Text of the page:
Parenting Resource

5 Ways to Play…With a Cardboard Box

Jun 15, 2020

Don't toss that box into the recycling bin just yet! Small or large, boxes can provide endless fun for babies and toddlers.

  1. Make a cozy corner. A moving box is the perfect cozy place for a reading nook. Put a soft blanket and stuffed animal inside and let your child curl up in the box with a good book.

  2. Welcome to the clubhouse. Using a moving box or appliance box, let your child draw (with child-safe, washable crayons or markers) on the sides to decorate their “club house.” You can also offer your child stickers or even a roll of masking tape to rip and place on the box. Adult-only task: Using scissors or a box-cutter, adults can cut a door or windows into the box (putting sharp items away immediately after use).

  3. Make a tunnel. Open two moving boxes so they are open at both sides. Using packing tape or duct tape, tape the side of one box to the side of the other, forming a two-box tunnel. Toddlers can crawl, roll balls, or push cars and trains through.

  4. Build with boxes. Collect about 10 boxes of different sizes (from shoebox to moving box). Tape the tops closed so the boxes can be easily carried and stacked. Let your child use these boxes as big blocks to stack, build, and construct.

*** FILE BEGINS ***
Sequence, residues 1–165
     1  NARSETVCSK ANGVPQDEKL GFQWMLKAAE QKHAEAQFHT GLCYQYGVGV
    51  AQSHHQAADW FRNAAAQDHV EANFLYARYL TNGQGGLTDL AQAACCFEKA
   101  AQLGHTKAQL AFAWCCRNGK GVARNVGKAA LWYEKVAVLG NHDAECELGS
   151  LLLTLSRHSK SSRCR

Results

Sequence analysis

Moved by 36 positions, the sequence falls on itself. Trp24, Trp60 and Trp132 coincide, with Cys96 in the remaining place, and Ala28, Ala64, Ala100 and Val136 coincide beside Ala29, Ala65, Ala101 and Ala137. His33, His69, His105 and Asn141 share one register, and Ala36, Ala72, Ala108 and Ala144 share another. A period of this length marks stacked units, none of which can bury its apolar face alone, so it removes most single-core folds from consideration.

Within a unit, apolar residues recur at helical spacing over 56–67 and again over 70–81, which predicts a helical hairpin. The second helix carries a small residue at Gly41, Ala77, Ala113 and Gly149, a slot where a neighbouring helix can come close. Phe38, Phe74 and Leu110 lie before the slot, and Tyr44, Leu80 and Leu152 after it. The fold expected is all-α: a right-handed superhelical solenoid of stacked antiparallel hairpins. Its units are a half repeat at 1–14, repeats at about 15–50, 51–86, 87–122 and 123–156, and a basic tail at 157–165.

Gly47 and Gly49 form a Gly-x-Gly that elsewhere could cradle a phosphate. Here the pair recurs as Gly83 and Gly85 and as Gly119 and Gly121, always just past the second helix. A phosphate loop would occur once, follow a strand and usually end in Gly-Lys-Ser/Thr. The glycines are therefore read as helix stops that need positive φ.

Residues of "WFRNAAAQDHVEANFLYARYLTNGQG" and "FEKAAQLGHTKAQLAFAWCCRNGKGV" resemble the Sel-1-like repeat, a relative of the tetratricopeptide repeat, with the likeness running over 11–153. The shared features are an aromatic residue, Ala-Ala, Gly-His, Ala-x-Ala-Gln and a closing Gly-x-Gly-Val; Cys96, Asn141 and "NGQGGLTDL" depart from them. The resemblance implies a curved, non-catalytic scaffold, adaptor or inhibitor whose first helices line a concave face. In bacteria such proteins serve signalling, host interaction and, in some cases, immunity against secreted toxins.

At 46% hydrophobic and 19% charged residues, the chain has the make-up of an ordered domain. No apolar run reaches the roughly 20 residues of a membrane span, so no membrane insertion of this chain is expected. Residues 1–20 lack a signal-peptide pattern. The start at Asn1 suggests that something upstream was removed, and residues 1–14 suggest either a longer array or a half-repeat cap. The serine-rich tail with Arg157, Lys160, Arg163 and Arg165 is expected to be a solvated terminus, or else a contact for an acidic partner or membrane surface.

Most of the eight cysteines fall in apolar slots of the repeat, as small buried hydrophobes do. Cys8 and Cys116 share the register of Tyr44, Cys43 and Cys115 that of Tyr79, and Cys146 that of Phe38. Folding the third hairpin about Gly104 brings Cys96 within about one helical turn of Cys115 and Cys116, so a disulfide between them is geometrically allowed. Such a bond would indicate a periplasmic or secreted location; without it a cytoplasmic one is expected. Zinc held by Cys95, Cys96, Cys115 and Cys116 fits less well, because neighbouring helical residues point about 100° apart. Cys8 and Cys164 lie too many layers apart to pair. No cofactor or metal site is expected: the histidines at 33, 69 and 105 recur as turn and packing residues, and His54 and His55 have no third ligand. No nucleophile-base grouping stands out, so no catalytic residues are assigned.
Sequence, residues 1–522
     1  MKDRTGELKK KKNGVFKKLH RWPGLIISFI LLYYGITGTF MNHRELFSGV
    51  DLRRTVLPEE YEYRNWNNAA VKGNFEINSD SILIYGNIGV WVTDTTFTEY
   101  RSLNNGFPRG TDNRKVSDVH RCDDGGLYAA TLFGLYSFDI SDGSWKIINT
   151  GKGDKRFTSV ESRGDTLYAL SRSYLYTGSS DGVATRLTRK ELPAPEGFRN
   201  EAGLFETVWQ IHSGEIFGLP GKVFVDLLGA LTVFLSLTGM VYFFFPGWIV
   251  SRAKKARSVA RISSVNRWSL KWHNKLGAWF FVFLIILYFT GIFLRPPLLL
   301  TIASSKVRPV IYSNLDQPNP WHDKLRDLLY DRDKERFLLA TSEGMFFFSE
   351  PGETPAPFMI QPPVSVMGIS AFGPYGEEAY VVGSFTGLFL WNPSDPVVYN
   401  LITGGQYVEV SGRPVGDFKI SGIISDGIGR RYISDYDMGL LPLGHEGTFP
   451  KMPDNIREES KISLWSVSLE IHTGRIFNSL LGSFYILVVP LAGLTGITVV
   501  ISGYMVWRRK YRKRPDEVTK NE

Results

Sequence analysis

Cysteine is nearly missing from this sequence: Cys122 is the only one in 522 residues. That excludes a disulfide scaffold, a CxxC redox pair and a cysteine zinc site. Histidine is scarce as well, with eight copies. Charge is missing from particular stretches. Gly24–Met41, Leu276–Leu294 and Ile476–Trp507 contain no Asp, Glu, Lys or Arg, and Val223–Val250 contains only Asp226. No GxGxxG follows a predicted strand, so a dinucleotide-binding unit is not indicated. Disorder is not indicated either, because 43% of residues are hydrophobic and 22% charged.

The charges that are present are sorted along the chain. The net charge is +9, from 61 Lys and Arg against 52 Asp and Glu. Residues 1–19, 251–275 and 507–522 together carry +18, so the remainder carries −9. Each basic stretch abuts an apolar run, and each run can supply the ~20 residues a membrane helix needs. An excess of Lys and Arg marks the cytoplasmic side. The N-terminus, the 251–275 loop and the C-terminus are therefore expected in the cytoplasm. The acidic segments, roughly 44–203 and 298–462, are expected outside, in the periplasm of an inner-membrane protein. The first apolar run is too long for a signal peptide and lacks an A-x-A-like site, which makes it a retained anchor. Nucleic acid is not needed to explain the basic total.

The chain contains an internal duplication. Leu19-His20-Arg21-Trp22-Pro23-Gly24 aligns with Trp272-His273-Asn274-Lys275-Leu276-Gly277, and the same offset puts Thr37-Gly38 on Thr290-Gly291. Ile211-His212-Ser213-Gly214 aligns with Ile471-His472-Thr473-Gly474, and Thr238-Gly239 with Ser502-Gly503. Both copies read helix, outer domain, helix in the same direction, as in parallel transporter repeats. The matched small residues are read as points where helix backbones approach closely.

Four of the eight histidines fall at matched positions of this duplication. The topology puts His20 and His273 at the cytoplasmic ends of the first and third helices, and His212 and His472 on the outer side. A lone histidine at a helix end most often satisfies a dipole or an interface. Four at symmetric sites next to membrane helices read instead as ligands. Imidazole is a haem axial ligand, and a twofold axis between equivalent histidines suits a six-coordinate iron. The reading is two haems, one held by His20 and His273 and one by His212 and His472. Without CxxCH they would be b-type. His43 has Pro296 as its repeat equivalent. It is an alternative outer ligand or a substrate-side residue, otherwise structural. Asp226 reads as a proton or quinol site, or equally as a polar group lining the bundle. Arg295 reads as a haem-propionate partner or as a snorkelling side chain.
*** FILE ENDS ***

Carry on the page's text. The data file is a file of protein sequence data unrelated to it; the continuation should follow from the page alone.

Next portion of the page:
5. Lovin’ this oven: Make an oven using a box by taping all sides closed. Cut four red circles out of construction paper and glue to the top of the box (these will be your burners). Using markers, draw a set of buttons on top of the stove and dials and buttons on the front. Adults only: Cut a small rectangle in the front of the box to be the oven door. Using some scrap cardboard, create an oven handle and securely tape to the door using packing tape or duct tape. Let your toddler cook along with you at dinner time with their own oven!

About Baby Steps

This article was featured in Baby Steps, a ZERO TO THREE newsletter for parents and caregivers. Each issue offers science-based information on a topic of interest to parents and caregivers of young children—from sleep to challenging behaviors, and everything in between.

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